In France a woman is publicly humiliated when police force her to remove her burkini while she is at the beach. In another incident an Australian woman is made to leave a French Riviera beach because she is wearing a burkini.
Stories like these abound. But France's burkini ban, a headliner for months now, is really nothing new. Nor is it confined to beaches in France.
As a blogger on Women's Media Center posted, "the insidious concept that women's clothing can and should be chosen and regulated for them is a continuing issue." The blogger, identified only as Chloe H., pointed out that the bikini was also criticized when it appeared seventy years ago. In 1950s Italy the scant swimsuit was actually banned for a time while in the US one-piece swimsuits were banned in the early 1900s. Swimsuits with skirts also took a hit, with the Washington Post claiming in 1907 that they "endangered the morals of children" and should be stopped by the police.
Soon after that period in our history the post-WWI flappers came along. They were condemned for clothing changes designed for comfort and ease of movement. Girls were said to have "parked" their corsets in order to dance. Coco Chanel had women bind their breasts with strips of cloth for that "garconne" (little boy) look, while waistlines dropped and hems rose, to the chagrin of the patriarchs.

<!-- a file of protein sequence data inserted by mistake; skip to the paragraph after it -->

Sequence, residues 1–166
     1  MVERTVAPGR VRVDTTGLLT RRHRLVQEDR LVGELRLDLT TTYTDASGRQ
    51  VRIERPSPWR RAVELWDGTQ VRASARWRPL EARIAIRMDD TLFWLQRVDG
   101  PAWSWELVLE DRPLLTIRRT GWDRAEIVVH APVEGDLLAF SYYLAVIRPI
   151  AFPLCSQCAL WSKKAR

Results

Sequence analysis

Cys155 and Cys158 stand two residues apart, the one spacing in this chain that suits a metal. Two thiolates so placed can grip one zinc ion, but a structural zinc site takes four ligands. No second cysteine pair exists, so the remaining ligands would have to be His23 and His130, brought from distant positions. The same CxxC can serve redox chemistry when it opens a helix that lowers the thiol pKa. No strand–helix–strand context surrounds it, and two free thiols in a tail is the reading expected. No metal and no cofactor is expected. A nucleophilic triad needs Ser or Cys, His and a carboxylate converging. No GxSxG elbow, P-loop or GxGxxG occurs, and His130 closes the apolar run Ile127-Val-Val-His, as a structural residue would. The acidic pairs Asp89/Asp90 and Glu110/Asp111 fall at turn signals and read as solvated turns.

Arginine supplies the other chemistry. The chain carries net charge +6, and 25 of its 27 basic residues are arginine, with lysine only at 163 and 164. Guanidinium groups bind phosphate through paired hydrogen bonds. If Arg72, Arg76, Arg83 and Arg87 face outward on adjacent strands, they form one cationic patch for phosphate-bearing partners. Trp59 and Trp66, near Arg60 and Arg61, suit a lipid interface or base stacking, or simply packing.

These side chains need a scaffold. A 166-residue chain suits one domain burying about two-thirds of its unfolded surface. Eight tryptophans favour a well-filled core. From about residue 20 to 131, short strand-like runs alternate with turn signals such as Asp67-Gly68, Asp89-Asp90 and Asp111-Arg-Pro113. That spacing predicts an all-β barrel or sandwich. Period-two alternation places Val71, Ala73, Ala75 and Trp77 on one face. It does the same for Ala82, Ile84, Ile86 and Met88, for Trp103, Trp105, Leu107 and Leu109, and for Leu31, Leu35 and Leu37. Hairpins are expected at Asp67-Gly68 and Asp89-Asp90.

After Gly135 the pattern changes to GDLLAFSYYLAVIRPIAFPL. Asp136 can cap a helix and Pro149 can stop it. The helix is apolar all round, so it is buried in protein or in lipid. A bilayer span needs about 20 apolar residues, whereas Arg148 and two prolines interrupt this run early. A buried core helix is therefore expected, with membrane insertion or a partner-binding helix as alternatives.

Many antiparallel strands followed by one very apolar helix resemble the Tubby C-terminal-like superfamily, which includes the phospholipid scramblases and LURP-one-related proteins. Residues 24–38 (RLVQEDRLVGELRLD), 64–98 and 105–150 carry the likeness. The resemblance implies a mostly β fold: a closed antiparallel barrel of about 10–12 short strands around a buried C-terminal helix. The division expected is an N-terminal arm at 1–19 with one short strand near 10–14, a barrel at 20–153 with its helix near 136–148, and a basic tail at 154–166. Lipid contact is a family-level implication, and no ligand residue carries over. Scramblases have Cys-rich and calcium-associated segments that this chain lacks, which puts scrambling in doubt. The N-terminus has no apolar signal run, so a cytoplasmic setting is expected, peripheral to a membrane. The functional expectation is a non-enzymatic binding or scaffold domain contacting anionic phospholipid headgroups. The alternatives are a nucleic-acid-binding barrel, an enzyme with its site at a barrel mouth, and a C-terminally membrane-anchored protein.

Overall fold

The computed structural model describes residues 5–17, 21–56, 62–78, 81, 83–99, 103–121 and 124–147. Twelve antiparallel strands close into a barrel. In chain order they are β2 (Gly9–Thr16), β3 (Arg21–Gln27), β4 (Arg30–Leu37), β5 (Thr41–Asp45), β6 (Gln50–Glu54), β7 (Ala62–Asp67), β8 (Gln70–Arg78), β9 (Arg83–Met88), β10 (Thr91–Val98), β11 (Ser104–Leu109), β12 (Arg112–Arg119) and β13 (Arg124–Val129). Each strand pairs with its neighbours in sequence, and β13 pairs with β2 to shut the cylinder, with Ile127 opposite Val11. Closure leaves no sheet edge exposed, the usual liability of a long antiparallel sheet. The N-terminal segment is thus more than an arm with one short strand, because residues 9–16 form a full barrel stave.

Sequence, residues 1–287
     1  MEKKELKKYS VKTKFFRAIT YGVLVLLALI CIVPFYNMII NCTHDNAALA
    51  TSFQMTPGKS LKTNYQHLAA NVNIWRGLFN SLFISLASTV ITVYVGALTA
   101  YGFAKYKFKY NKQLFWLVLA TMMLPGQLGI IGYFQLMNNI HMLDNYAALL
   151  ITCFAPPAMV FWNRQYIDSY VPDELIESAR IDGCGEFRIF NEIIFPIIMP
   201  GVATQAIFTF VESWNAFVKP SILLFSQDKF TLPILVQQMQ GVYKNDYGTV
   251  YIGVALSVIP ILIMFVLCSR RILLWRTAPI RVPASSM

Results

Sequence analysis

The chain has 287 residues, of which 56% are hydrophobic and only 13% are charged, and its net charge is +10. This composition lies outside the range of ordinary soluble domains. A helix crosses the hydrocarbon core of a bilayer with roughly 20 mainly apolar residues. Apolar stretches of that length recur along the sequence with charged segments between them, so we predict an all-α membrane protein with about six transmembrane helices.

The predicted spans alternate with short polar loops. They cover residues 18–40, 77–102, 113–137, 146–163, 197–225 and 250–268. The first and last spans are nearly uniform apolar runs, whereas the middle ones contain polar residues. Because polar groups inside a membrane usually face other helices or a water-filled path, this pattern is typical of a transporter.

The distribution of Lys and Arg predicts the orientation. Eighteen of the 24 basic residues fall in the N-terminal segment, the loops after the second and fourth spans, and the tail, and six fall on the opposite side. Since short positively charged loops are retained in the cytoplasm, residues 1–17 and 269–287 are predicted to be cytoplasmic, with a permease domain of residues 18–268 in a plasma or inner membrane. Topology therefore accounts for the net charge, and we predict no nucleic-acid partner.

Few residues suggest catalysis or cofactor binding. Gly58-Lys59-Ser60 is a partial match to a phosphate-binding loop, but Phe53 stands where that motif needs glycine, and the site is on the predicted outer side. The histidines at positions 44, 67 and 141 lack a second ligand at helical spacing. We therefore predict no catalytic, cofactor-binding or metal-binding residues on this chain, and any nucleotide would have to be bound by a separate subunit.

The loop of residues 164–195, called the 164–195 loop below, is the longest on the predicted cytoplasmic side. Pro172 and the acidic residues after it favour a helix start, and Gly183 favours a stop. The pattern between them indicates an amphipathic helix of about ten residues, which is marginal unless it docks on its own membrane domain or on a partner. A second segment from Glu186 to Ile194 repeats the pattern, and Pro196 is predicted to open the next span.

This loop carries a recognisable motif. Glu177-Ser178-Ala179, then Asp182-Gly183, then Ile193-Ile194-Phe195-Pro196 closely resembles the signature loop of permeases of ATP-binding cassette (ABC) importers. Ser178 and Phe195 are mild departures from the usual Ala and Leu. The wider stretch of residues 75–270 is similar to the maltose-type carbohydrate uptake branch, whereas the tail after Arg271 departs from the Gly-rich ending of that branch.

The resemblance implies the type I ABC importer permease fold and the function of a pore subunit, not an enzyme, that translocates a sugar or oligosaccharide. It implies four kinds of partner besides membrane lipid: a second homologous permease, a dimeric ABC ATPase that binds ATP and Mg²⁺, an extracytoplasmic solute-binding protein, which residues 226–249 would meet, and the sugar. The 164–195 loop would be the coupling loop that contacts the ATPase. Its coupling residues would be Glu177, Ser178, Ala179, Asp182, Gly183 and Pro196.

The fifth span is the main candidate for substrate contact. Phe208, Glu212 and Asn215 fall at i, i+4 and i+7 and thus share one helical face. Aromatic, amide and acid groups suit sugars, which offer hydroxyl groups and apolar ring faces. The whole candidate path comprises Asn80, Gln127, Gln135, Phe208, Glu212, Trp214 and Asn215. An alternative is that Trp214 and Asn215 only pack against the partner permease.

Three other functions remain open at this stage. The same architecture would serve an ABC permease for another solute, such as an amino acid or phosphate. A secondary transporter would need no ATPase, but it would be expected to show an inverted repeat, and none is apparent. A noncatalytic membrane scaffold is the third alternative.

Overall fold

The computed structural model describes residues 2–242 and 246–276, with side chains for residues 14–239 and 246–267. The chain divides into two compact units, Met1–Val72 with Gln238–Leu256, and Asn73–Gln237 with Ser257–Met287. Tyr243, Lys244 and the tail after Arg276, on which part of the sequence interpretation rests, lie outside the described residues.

The point is, men (still the majority of designers) have been telling women how to dress, how to cover or expose themselves, how to be demure or deadly, for a very long time, and women have had enough. "It is sexist and patronizing," says Chloe H. "Women should be able to express themselves through their attire jut as freely as men."
For Muslim women, that expression can mean embracing the idea of being fully covered, even at the beach. For that reason, Aheda Zanetti created the burkini in 2004 "to give women freedom," as she put it to the Guardian. Adds the Brooklyn-based Muslim designer Nailah Lymus, "Covering identifies us, but it doesn't define us."
The issue isn't only germane to Europe and the US. A recent New York Times story featured "an Islamic Fashion Revolution" in Turkey in which modest dress is enlivened by color and creative design. According to a Muslim fashion blogger in London who attended Istanbul Modest Fashion Week, "there are a lot of Muslim girls who wear the hijab and we like fashion."
But while modest Muslim dress might be blossoming in Turkey, things are not so bright in Egypt. According to Heba Habib, writing in the Washington Post, two women who were enjoying a pool swim at a Red Sea resort recently were told to leave the pool because they were wearing burkinis, known in the Arab world as "Islamic swimwear." The manager went so far as to have a group of male employees get into the pool in their underwear to mock the women, then ordered workers to contaminate the water with chlorine and nitric acid.